Following much anticipation, the Office of the California Attorney General (OAG) moved one step closer to the California Consumer Privacy Act (CCPA)’s wide-ranging implementing regulations becoming enforceable by law by filing the final CCPA Regulations with the California Office of Administrative Law (OAL) on June 1.

The CCPA grants the OAG the authority to begin

Introduction

As many countries reach the second stage of the Coronavirus Disease 2019 (COVID-19) outbreak, privacy protections may be relaxed under certain circumstances. The European Data Protection Board (EDPB) issued a statement on the processing of personal data in this period of time, and several national data protection authorities have issued COVID-19 specific

While many companies across the United States transition to remote working, scammers are taking this opportunity to target vulnerable and unsuspecting employees. Some emails and websites promising information about keeping safe from, and offering resources for, the Coronavirus Disease 2019 (COVID-19) pandemic have turned out to be scams that push malware, ransomware, and disinformation, or

Despite being in effect since Jan. 1, 2020, the California Consumer Privacy Act (CCPA) continues to generate confusion for employers of California residents. Much attention has been given to the CCPA’s effect on a business’ obligations in collecting, using, and sharing California customers’ data. However, given the CCPA’s broad “consumer” definition includes “employees,” it also imposes duties on any in-scope business that manages California employees’ data. Notably, under the CCPA, “employees” include job applicants. The CCPA thus applies to both California customers and employees/job applicants of any “business,” which is defined as a for-profit organization doing business in California that controls how personal information is processed and: (i) has gross annual revenue exceeding $25 million; (ii) buys, receives, sells, or shares personal information of 50,000 or more California consumers, households, or devices; or (iii) derives 50% or more of its annual revenue from selling personal information of California residents. Civ. Code § 1798.140(c)(1). Importantly, for the CCPA to apply, businesses do not have to be physically in California. Thus, for example, a business that does not have any facilities in California, but employs remote workers in California, could be subject to the CCPA if it meets the CCPA’s “business” definition.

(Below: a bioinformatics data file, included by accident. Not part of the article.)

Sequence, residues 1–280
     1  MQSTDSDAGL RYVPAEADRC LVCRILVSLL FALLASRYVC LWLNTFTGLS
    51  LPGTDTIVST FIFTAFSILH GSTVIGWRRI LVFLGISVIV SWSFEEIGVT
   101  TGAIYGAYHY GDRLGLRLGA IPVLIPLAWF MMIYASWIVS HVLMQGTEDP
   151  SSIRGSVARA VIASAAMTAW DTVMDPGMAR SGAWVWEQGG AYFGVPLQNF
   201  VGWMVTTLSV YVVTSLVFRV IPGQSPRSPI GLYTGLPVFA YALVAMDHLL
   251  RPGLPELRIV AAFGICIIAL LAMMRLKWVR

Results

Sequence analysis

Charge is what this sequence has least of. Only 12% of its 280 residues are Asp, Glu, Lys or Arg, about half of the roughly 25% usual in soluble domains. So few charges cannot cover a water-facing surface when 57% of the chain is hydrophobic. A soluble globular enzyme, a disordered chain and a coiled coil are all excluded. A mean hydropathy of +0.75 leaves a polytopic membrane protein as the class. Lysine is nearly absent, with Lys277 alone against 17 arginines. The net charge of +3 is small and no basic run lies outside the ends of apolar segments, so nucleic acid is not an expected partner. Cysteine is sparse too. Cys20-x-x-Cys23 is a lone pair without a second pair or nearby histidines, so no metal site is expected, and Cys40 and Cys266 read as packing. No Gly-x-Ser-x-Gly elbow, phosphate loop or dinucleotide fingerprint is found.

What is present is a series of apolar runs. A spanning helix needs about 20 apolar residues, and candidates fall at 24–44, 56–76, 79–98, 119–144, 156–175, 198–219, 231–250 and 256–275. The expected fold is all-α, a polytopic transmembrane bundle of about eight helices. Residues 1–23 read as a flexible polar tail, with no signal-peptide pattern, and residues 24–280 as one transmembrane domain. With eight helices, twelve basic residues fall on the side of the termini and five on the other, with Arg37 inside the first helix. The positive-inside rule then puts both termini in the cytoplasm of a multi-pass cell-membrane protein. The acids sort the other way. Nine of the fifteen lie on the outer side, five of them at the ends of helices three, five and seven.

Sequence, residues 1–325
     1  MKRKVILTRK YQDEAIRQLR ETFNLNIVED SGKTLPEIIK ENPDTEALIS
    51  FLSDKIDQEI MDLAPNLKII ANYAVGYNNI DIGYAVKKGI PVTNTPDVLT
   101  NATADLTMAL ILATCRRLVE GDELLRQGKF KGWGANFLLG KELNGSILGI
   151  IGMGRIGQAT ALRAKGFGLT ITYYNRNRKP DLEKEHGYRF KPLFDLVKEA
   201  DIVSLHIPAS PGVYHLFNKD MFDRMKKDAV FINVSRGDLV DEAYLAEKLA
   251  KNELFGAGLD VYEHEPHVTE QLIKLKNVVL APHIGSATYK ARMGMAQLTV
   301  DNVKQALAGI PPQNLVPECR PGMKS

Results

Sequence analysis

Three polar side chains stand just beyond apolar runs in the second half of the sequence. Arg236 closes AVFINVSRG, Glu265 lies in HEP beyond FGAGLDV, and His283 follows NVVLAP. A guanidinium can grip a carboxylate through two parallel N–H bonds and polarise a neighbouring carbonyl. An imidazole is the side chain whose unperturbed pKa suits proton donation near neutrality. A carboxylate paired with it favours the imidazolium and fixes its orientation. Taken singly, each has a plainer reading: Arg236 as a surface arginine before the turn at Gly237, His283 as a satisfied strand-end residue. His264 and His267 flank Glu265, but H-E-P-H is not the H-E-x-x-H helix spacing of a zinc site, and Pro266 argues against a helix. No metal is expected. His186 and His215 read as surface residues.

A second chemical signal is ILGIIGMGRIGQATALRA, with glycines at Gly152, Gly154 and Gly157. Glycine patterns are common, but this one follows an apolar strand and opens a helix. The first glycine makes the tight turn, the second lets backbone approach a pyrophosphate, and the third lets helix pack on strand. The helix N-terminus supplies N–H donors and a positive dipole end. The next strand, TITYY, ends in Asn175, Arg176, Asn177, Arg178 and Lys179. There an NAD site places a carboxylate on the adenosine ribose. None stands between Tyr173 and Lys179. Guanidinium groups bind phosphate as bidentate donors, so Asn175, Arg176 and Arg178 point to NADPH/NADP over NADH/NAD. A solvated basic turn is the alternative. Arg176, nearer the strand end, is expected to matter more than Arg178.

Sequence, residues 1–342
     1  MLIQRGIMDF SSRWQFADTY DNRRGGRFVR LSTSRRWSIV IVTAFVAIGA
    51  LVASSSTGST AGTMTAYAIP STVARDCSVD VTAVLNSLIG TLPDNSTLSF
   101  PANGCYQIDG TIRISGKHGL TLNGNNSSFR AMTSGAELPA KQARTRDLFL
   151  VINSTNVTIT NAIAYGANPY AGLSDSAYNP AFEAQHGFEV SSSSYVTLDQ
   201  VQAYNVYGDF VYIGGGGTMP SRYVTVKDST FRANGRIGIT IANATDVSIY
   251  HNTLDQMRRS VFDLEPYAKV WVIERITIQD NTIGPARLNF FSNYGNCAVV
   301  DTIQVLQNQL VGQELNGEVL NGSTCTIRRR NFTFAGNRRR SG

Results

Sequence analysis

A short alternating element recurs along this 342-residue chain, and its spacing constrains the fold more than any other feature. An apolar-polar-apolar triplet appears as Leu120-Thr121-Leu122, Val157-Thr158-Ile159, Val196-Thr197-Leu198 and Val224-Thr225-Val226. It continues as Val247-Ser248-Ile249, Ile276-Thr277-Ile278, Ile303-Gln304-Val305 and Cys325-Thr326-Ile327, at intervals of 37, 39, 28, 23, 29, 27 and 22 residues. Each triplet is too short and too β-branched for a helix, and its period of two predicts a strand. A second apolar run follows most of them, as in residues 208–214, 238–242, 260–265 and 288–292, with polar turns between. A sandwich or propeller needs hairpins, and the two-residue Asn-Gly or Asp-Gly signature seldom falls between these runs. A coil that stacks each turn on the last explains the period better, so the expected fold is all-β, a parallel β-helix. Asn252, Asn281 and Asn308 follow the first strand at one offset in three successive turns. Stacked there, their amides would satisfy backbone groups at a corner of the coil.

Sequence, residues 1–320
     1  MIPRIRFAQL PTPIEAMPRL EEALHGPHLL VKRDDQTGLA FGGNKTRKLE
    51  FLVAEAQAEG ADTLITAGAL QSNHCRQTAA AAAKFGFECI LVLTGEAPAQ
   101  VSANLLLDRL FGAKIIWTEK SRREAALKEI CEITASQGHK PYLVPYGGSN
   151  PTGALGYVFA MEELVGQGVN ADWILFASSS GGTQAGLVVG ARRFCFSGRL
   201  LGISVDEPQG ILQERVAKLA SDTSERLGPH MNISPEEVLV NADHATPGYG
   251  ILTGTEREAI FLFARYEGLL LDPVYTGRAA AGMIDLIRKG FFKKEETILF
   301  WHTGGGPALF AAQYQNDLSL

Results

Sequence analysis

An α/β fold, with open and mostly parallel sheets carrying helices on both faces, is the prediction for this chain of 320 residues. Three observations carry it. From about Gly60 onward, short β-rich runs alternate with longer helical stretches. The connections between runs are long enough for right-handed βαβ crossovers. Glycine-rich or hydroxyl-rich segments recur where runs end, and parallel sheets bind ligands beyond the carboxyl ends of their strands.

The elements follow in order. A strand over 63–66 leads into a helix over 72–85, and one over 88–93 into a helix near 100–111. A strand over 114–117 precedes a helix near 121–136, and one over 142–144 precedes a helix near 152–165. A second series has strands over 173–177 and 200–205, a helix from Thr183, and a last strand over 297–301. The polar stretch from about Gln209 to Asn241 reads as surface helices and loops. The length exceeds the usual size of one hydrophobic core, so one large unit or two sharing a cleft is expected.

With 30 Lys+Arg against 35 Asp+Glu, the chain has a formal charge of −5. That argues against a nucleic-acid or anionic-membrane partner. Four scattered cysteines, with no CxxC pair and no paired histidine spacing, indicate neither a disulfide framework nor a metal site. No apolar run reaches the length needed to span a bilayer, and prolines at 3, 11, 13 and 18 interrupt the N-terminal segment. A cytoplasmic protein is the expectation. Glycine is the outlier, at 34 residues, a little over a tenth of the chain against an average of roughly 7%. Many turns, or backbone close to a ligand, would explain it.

Continue Reading Employers: Stop, Drop, and Ensure CCPA Compliance as to Employees Residing in California

On January 8, 2020, the “Virginia Privacy Act” (HB 473), was introduced for consideration to the General Assembly of Virginia. The proposed legislation includes notice requirements similar to the California Consumer Privacy Act’s (CCPA), provides consumers with rights similar to those under the EU’s General Data Protection Regulation (GDPR), and unlike either